Despite the fact that Washington is just one out of only two states in the United States that do not need applicants to display proof of residency such as US citizenship or a green card when they apply for a drivers license, the fight for the positions of governor and attorney general has resulted in new attention being given to a proposal that would bring about a two-tiered drivers license system in Washington DC.
The proposal, which is referred to as the Utah model, enables an individual who cannot prove their residency to acquire a permit that still allows them to drive. While the document is not actually regarded as a valid form of identification, many political figures have still criticized the proposal.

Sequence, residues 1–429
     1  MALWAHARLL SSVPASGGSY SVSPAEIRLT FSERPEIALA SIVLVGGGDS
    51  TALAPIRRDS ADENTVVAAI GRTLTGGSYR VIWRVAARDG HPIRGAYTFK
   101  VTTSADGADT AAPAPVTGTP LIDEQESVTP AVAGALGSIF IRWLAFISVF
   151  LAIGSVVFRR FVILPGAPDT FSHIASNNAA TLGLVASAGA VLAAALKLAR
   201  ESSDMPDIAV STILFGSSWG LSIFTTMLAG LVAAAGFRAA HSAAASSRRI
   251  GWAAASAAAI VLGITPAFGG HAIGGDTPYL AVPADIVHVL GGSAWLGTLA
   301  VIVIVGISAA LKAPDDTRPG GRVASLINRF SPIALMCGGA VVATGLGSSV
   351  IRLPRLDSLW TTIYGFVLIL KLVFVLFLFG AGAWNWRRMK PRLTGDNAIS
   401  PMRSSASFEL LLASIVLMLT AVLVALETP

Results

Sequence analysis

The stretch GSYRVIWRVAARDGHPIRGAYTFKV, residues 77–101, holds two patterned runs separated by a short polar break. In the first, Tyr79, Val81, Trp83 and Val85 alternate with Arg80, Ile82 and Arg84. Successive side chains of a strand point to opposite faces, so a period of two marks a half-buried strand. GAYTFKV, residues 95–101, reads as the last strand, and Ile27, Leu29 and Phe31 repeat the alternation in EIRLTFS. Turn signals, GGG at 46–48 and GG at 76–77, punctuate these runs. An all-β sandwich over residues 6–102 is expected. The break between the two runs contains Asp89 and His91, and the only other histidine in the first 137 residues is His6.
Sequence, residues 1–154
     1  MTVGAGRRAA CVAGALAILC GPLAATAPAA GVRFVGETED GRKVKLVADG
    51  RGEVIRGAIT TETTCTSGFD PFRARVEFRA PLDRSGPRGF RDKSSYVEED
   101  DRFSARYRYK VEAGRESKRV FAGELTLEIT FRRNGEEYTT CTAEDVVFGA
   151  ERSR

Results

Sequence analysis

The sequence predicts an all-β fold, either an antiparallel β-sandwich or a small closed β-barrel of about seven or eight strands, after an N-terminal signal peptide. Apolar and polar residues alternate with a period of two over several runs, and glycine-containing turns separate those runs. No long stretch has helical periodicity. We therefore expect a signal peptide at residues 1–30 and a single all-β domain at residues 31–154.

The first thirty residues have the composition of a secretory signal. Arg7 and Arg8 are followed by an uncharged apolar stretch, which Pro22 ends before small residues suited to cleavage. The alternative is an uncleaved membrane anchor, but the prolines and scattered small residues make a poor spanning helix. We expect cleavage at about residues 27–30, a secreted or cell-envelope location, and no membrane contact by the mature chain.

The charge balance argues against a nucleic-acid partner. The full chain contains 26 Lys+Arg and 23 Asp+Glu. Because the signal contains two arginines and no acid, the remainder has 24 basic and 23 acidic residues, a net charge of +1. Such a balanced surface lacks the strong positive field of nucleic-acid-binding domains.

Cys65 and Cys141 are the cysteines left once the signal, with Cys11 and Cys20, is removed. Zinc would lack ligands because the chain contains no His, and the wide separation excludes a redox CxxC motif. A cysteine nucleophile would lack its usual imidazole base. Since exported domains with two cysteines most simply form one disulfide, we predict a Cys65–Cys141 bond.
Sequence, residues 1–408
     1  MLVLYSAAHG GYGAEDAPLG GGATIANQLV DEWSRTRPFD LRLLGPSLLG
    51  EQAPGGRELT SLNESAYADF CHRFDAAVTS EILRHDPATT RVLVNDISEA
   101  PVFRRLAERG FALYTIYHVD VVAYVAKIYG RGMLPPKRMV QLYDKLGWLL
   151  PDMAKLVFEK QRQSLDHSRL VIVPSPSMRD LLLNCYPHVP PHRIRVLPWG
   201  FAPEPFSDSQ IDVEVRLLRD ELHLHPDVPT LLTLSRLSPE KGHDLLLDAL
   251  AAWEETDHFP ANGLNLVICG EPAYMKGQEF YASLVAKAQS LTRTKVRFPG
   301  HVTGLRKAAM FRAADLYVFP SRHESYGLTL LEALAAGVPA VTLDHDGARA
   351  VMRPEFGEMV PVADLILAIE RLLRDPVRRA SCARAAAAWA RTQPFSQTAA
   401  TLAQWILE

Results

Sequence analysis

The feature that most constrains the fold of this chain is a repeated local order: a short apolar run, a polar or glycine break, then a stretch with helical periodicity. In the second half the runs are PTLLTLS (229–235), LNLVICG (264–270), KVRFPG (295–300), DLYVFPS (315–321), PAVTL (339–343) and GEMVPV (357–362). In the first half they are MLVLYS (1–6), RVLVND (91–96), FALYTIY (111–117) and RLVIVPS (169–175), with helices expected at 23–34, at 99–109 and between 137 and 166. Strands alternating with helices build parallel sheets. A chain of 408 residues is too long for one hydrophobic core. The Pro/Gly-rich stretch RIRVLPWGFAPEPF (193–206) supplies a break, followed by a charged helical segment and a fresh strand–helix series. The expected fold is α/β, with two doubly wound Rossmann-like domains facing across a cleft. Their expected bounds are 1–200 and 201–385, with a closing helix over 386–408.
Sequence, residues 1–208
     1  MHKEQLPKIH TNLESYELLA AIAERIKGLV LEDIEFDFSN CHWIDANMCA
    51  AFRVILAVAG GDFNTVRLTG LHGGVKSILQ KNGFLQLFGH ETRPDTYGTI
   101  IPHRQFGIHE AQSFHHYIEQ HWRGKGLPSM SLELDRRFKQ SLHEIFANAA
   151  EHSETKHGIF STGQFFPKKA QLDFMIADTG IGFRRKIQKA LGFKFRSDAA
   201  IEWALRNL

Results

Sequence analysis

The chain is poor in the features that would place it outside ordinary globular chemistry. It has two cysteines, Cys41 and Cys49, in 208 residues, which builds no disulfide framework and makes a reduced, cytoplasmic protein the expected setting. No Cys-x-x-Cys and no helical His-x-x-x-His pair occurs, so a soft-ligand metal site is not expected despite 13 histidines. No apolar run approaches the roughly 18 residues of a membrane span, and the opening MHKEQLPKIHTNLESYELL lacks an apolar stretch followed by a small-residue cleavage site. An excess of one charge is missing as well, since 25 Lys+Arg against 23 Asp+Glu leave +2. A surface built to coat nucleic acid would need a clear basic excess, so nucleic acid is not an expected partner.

“The idea that you should be able to obtain (a key identity document) without proving you’re a legal resident of the country is seriously mistaken,” says Rob McKenna, the Republican candidate for governor.
The program has been working well in the state of Utah to date, although immigration advocates are also wary of the proposal, fearing that such information could end up being sent to the federal government by the state. The number of people who have applied for the Driving Privilege Card in Utah rose to 38,997 last year from 21,600 in 2005, according to Utah Driver License Division data.
To avoid the possible consequences of the data being obtained by the federal government, lawmakers in Utah amended the law last year so that US Immigration and customs officials would only be notified if the applicant had a felony on their record.